Hens in the henhouse

Why it’s time to stop hens from being caged

Like others, I was encouraged that the Queen’s speech mentioned that legislation will be brought forward to ensure the UK’s high standard of animal welfare. This was swiftly followed by the government confirming the long-awaited animal sentience bill, and a list of animal welfare legislation that promises to reaffirm the UK as leaders in this area.

Yet even amongst the ‘positive’ announcements, questions remain. Could the government have gone further to protect animals? Will promises be kept?

I recently signed an open letter led by animal protection organisation Animal Equality UK calling for the government to make good on its promise to finally implement the foie gras ban, so I was disappointed to hear they only committed to make progress by ‘exploring a ban on the sale’ of this cruel product.

While it is certainly reassuring to see that we are moving towards ending our support for industries that profit from the cruellest treatment of animals, I would have welcomed a commitment to end imports as soon as possible.

In addition, in the midst of the latest progress for animal welfare in the UK, the government has revealed that cages for hens ‘will not be subject to an outright ban’. I can’t help but feel that we are ignoring the elephant (or caged hen) in the room by still allowing hens to live out their lives trapped in metal cages in order to produce eggs.

Shockingly, over 40% of hens in the UK farming industry are kept in cages, which the public has shown time and again that this is something they are firmly against. Latest polling stats from a YouGov poll carried out in October 2020 show that 88% of those questioned agreed that using cages in farming is cruel and 77% support a ban on keeping farmed animals in cages.

More and more people are opting for cage-free eggs or leaving out eggs altogether as part of a plant-based diet. Combining this clear consumer shift with years of campaigning and advocacy from animal groups, all major retailers have committed to go cage-free by 2025, with big names such as Sainsbury’s leading the way with its 100% cage-free commitment firmly in place. So, this begs the question – why is the government still condoning hens living in cages?

Although in answer to my recent written question on this topic, Defra said it welcomes such commitments from retailers, our legislation says otherwise. Words and promises mean little to the animals currently cooped up in cages. The government is falling behind and must act on this issue.

How can we rightly call ourselves a nation of animal lovers, while so many of our eggs still come from such tortuous conditions? Animal Equality has investigated caged-hen farms in the UK, and they’re terrible places full of suffering.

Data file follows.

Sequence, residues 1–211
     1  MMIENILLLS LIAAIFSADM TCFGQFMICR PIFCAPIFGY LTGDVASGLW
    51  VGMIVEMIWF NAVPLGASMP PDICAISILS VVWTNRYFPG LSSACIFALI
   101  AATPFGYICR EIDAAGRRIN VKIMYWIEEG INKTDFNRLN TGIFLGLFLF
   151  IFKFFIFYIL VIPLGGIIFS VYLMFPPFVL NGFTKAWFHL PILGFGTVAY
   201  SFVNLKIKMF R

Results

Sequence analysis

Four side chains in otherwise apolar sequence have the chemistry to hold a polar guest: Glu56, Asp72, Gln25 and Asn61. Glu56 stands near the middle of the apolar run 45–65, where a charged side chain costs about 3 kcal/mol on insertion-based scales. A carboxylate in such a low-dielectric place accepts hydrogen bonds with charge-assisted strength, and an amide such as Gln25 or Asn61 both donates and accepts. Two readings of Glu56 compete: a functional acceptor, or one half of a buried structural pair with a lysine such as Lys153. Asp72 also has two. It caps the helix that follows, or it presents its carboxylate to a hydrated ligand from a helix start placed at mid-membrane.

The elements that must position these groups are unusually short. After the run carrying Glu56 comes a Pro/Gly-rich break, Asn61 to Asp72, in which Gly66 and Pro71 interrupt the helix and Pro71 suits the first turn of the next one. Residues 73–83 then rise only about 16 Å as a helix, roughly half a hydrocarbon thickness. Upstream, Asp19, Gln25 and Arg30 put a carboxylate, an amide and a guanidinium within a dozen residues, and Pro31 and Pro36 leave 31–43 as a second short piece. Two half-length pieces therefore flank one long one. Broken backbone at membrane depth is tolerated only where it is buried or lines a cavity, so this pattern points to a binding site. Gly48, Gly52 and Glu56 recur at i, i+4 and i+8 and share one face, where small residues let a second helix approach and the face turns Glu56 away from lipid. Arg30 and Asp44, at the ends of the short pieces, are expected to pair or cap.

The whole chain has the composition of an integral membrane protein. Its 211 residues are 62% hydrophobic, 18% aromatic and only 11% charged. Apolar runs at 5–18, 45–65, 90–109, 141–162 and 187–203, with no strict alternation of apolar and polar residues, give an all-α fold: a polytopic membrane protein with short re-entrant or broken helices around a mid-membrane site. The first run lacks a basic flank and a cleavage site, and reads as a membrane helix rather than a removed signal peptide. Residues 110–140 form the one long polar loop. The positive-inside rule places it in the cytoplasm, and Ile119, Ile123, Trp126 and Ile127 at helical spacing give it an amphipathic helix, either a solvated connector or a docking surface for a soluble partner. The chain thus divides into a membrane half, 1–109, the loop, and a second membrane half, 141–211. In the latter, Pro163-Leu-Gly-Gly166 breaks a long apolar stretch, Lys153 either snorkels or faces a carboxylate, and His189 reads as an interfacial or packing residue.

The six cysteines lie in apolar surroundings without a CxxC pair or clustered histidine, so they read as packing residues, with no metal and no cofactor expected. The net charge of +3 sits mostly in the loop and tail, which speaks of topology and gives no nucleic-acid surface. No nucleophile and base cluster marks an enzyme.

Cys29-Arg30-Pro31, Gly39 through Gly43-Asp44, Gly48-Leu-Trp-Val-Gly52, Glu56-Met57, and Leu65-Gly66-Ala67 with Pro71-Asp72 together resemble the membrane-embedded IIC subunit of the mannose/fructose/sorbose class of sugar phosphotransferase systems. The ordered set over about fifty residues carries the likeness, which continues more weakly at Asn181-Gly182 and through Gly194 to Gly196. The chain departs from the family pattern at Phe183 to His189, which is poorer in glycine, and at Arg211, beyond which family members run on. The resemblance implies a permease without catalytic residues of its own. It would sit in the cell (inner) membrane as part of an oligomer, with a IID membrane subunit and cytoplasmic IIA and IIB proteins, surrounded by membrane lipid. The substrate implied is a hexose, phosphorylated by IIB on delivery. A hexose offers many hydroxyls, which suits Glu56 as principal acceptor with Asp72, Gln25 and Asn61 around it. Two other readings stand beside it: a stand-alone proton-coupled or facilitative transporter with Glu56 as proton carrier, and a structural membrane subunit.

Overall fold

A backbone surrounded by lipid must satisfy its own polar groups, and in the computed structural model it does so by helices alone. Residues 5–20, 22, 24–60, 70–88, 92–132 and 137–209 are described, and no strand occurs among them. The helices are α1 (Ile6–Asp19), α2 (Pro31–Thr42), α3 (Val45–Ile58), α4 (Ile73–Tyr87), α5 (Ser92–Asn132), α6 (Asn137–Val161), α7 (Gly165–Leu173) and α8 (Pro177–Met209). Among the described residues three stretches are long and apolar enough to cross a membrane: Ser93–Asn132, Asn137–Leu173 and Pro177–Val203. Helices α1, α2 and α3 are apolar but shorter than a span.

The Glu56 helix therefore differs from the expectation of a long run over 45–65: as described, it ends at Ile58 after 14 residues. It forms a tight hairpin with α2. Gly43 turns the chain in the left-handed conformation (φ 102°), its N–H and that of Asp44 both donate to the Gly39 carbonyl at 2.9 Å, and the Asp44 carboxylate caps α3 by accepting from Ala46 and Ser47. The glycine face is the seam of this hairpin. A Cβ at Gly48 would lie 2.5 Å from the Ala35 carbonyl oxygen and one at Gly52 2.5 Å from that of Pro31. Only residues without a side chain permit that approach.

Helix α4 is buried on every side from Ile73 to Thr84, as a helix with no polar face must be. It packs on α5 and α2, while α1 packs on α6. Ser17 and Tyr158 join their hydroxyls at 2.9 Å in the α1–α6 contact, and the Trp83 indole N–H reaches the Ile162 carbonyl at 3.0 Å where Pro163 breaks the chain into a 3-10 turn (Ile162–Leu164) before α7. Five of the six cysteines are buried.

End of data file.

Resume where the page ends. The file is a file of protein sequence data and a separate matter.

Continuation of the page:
The hens live out their lives with less space than an A4 piece of paper each and suffer extremely in such appalling conditions, both physically and psychologically.

They are packed in overcrowded cages, sometimes with as many as 100 birds per cage and struggle to move or even stretch their wings, with many losing their feathers due to stress and close confinement with other birds.

They are usually trapped in these metal cages for around 18 months and at the end of a life of misery, they are then regarded as ‘spent’ when their egg production slows down, at which point they are slaughtered for their meat.

Knowing how active hens are, I cannot think of a more unnatural setting for them to be kept in. They are incredibly clean animals who like to spend their time dustbathing and preening, they can become incredibly frustrated when not given the space to do this.

They are also intelligent animals with excellent memories and can remember up to 100 faces of their fellow hens. I don’t believe that hens are given anywhere near the amount of respect they deserve, and this is confirmed by our current legislation causing so many of them to be trapped in cages.

The government’s Action Plan for Animal Welfare contains steps in the right direction, but we need to achieve real change for animals, and I am keen to see how this materialises.

Improvements in laws for animals are one of the most pressing issues that the public, politicians and animal protection organisations have been calling for change on for years. We must not forget this.

If we are to reaffirm ourselves as ‘leaders in animal welfare’, we must not delay or weaken key measures that need to be taken now. I hope that banning cages for hens will be made a higher priority.

No animal deserves to be trapped behind bars, yet we are currently confining approximately 16 million hens to metal cages every single year; the time has come to finally end this cruel confinement.